There is, however, the following argument, which goes back to Leighton and Rao: either there are {\Omega(|V|)} points concentrated in a ball whose radius is a quarter (say) of the average pairwise distance, and then we can use that ball to get an {\ell_1} mapping with only constant error; or there are {\Omega(|V|)} points in a ball of radius twice the average pairwise distance, such that the pairwise distances of the points in the ball account for a constant fraction of all pairwise distances. In particular, the sum of pairwise distances includes {\Omega(|V|^2)} terms which are {\Omega(1)}.

After we do this reduction and some scaling, we are left with the task of proving the following theorem: suppose we are given an {n}-point negative type metric in which the points are contained in a ball of radius 1 and are such that the sum of pairwise distances is {\Omega(n^2)}; then there is a subset {S} of size {\Omega(n)} such that there are {\Omega(n)} points whose distance from the set is {1/O(\sqrt{\log n})}. This theorem is the main result of the Arora-Rao-Vazirani paper. (Strictly speaking, this form of the theorem was proved later by Lee — Arora, Rao and Vazirani had a slightly weaker formulation.)

We begin by considering the case in which a constant fraction of the points are concentrated in a small ball.

Definition 12 (Ball) For a point {z\in V} and a radius {r>0}, the ball of radius {r} and center {z} is the set

\displaystyle  B(z,r):= \left\{ v: d(z,v) \leq r \right \}

Lemma 13 For every vertex {z}, if we define {S:= B(z,1/4)}, then

\displaystyle  \sum_{u,v} |f_S(u) - f_S(v)| \geq \frac {|S|}{2|V|} \sum_{u,v} d(u,v)

Proof: Our first calculation is to show that the typical value of {f_S(u)} is rather large. We note that for every two vertices {u} and {v}, if we call {a} a closest vertex in {S} to {u}, and {b} a closest vertex to {v} in {S}, we have

\displaystyle  d(u,v) \leq d(u,a) + d(a,z) + d(z,b) + d(b,v)

\displaystyle  \leq f_S(u) + f_S(v) + \frac 12

and so

\displaystyle  |V|^2 = \sum_{u,v} d(u,v) \leq 2 |V|\cdot \sum_v f_S(v) + \frac {|V|^2}{2}

that is,

\displaystyle  \sum_v f_S(v) \geq \frac{|V|}{2}

Now we can get a lower bound to the sum of {\ell_1} distances given by the embedding {f_S(\cdot)}.

\displaystyle  \sum_{u,v} |f_S(u)-f_S(v)|

\displaystyle \geq \sum_{u\in S,v\in V} |f_S(v)|

\displaystyle  = |S| \sum_v f_S(v)

\displaystyle  \geq \frac 12 |S| \cdot |V|


This means that if there is a vertex {z} such that {|B(z,1/4)| = \Omega(|V|)}, or even {|B(z,1/4)| = \Omega(|V|/\sqrt{\log |V|})}, then we are done.

Otherwise, we will find a set of {\Omega(|V|)} vertices such that their average pairwise distances are within a constant factor of their maximum pairwise distances, and then we will work on finding an embedding for such a set of points. (The condition that the average distance is a constant fraction of the maximal distance will be very helpful in subsequent calculations.)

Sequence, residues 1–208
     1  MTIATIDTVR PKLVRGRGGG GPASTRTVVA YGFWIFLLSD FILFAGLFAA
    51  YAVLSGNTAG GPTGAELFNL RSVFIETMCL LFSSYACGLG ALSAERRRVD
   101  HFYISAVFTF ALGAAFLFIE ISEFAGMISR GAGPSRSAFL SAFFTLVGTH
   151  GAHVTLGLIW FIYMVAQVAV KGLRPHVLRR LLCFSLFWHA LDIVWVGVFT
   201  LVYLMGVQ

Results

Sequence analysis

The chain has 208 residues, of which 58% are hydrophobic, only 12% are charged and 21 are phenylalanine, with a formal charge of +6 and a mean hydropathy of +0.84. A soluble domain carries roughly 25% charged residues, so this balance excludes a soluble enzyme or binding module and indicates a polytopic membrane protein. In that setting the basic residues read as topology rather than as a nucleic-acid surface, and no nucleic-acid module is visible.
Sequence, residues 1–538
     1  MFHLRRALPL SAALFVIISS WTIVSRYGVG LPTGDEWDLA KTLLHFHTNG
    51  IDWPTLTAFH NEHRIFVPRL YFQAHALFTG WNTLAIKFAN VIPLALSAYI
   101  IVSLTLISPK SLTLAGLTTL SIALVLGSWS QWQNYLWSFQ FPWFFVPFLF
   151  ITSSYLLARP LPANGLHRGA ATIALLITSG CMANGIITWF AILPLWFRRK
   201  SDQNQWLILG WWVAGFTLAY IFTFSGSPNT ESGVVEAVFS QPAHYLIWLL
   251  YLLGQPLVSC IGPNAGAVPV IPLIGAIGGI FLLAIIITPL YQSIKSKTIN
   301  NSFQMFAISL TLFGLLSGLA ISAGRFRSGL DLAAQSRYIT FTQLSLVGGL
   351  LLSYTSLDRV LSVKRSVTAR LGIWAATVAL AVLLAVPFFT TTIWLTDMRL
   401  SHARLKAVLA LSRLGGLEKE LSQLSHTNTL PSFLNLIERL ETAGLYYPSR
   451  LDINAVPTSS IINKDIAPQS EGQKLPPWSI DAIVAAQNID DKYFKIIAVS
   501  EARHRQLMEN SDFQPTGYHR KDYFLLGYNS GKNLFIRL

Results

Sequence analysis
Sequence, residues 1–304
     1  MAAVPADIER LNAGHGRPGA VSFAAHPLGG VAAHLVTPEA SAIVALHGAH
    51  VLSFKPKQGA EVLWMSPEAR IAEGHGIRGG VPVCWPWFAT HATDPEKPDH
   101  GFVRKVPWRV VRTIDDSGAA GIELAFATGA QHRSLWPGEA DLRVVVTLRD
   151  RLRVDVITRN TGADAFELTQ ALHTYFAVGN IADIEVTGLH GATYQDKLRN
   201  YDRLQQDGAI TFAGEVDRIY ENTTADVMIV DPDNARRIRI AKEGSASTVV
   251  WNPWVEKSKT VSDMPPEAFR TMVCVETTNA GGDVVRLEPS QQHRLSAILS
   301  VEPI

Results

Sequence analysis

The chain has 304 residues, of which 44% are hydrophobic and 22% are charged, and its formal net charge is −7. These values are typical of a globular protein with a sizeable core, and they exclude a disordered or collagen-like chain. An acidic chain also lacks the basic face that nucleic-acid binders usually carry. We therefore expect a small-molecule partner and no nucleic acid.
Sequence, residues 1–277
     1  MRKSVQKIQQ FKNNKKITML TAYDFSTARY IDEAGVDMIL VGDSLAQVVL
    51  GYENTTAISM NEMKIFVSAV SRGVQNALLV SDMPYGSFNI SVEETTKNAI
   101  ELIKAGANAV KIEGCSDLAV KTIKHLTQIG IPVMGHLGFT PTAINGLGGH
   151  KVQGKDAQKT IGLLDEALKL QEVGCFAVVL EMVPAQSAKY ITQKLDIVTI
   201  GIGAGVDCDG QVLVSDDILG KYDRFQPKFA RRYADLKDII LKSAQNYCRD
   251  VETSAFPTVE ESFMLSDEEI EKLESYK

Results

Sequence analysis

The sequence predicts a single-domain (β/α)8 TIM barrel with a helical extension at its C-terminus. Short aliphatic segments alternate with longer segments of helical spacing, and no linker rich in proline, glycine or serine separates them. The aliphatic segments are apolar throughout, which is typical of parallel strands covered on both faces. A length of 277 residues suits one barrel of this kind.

Lemma 14 Suppose that for every vertex {z} we have {|B(z,1/4)| \leq |V|/4}. Then there is a vertex {w} such that, if we set {S=B(w,2)}, we have

  • {|S|\geq \frac 12 \cdot |V|}
  • {\sum_{u,v\in S} d(u,v) \geq \frac 1{8} |S|^2 }

Proof: Let {w} be a vertex that maximizes {|B(w,2)|}; then {|B(w,2)| \geq |V|/2}, because if we had {|B(u,2)| < |V|/2} for every vertex {u}, then we would have

\displaystyle  \sum_{u,v} d(u,v) > \sum_u 2 \cdot (|V- B(u,2)|) > |V|^2

Regarding the sum of pairwise distances of elements of {S}, we have

\displaystyle  \sum_{u,v \in S} d(u,v) > \sum_{u\in S} \frac 14 (|S - B(u,1/4)|) \geq |S| \cdot \frac 14 \cdot \frac {|S|}{2}


The proof of the main theorem now reduces to proving the following geometric fact.

Lemma 15 (ARV Main Lemma) Let {d} be a negative-type metric over a set {V} such that the points are contained in a unit ball and have constant average distance, that is,

  • there is a vertex {z} such that {d(v,z)\leq 1} for every {v\in V}
  • {\sum_{u,v\in V} d(u,v) \geq c\cdot |V|^2}

Then there are sets {S,T \subseteq V} such that

  • {|S|, |T| \geq \Omega(|V|)};
  • for every {u\in S} and every {v\in S}, {d(u,v) \geq 1/{O(\sqrt {\log |V|})}}

where the multiplicative factors hidden in the {O(\cdot)} and {\Omega(\cdot)} notations depend only on {c}.

Indeed, applying the ARV Main Lemma to {\frac 12 d(u,v)} tells us that there are subsets {S,T} of {B(z,2)}, both of size {\Omega(|B(z,2)|) = \Omega(n)} such that {d(u,v) \geq 1/O(\sqrt{\log n})} for every {u\in S} and {v\in T}. If we consider the Frechet embedding {f_S}, we have

\displaystyle  \sum_{\{ u,v \}} | f_S(u) - f_S(v) | \geq \sum_{u\in S, v\in T} |f_S(u) - f_S(v) |

\displaystyle  \geq |S|\cdot |T| \cdot \frac 1 {O(\sqrt {\log n})}

\displaystyle  \geq n^2 \cdot \frac 1 {O(\sqrt{ \log n})}

\displaystyle  = \ \frac 1 {O(\sqrt {\log n}) } \cdot \sum_{ \{ u,v \}} d(u,v)

It remains the prove the ARV Main Lemma.

3 thoughts on “CS294 Lecture 11: ARV

  1. Under Remark 1, I think it should be LR(G, H) <= ARV(G, H) <= sc(G, H), the inequality direction is incorrect

  2. Above Theorem 3, there is an inequation:
    n/r ARV(G, K_n) <= \sqrt{8n/r sc(G, K_n)}
    How does it come?